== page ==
Who’s ready for that new Windows smell? In just a few hours we’ll learn exactly what is in store for Microsoft’s latest major upgrade to Windows – Windows 11 – as well as hopefully the key details on when we’ll get it, and how we’re likely to get it.
Another box on a shelf we pay for? Home vs Professional vs Enterprise vs whatever other editions, or finally a move to One Version For All? This will be the first edition of Windows developed entirely within Satya Nadella’s leadership of Microsoft (Windows 10 came out 15 months after he took the reins), so it’s likely to be a departure from the past in terms of style and, most importantly, business model.
In recent weeks we got the first teases of this new edition at Build conference, then the date confirmation, and then Satya Nadella was made chairman of Microsoft as well as CEO. So there’s clear confidence at the company that his leadership is delivering the goods.
That makes Windows 11 an exciting moment. Nadella has pushed forward in ways Gates and Ballmer never really embraced. The demand for legacy support has been a burden on Windows for a long time, but with Azure Cloud (and more recently the arrival of Xbox Cloud Gaming) the potential for any system, new or old, to compute things that the local system might not be able to handle becomes easier to manage. The issue of ‘legacy’ can be managed differently to the past.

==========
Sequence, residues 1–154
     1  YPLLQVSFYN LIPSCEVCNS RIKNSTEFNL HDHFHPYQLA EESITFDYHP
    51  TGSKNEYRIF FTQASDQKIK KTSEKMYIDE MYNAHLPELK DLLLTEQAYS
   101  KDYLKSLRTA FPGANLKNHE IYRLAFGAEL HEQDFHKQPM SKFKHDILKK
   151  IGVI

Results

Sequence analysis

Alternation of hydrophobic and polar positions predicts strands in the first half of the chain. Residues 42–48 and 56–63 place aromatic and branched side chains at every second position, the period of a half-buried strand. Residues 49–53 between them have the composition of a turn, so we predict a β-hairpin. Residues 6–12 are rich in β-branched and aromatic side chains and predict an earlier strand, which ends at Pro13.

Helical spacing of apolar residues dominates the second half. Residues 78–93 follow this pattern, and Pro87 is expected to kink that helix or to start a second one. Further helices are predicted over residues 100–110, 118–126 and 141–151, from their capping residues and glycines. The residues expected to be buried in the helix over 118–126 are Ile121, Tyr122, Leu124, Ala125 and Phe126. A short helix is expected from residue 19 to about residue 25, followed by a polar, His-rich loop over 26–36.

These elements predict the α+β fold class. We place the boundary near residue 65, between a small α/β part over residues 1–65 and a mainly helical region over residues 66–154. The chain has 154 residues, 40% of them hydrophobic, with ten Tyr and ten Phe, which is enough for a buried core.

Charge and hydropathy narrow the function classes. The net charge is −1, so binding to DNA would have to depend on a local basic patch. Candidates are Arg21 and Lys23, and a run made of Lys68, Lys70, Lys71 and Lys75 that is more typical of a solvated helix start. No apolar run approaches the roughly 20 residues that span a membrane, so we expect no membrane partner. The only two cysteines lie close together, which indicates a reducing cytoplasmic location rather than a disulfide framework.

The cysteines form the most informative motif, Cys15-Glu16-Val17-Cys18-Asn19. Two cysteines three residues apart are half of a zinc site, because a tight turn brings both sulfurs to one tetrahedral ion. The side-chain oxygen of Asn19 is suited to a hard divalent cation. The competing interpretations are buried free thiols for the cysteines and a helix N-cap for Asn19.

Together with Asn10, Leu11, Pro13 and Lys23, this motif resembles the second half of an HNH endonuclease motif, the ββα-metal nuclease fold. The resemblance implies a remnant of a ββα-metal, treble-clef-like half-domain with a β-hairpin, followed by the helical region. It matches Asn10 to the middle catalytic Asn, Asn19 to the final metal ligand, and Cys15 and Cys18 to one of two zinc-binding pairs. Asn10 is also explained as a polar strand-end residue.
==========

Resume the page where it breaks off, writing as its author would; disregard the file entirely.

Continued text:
I’m getting ahead of myself. Maybe Windows 11 will be more of the same with a new skin. But I’m hopeful for the platform in ways I have not particularly thought twice about since the early days of truly integrating networks into the operating system.
But, seriously, the old era tried to start charging for Windows PER CORE because they truly believed that selling Windows licenses was the core of Microsoft’s business. Nadella changed that completely.
‘The platform’ isn’t really just your PC anymore. Nadella knows that, and now the company is all about those Microsoft 365 subscriptions and those Xbox Game Pass subscriptions and, of course, the billions earned from enterprise customers using its Azure Cloud services to power global capitalist initiatives.
My hope is a ‘free’ Windows 11 to make it easy for Microsoft to move everyone possible to its latest platform as fast as possible. And then that latest silky smooth platform enables using all those other Microsoft services in the best way possible, which is where the money really spills out of the wallets.
You can watch the event live at this Microsoft Windows Event page.
Here’s when to watch…
8am PDT (San Francisco)
11am EDT (New York)
4pm BST (London)
11pm AWST (Perth) & SGT (Singapore)
1am Friday AEST (Sydney)
3am Friday NZST (New Zealand)
Some Byteside outbound links may include affiliate programs to support Byteside’s operations. Our recommendations and review commentary remain independent of any potential revenue that may come through including such links.
Seamus runs Byteside. You may also have spotted his words at the Australian Financial Review, the ABC, Junkee, Gamespot, The Esports Observer, CNET, Gizmodo and a few other spots over the years. He's very happy that he gets to nerd out for a living.